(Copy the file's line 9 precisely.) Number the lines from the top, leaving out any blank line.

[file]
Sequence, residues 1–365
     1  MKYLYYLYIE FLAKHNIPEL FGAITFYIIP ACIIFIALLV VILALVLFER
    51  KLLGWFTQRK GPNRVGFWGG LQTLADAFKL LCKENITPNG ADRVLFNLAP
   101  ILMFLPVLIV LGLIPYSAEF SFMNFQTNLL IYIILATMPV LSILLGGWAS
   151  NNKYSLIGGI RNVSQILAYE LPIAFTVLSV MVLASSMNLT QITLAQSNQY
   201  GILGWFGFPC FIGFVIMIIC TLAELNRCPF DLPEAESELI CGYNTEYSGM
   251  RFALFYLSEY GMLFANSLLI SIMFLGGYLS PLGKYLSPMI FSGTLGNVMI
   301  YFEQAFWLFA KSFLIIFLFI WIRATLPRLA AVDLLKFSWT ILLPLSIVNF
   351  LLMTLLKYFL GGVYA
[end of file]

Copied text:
   351  LLMTLLKYFL GGVYA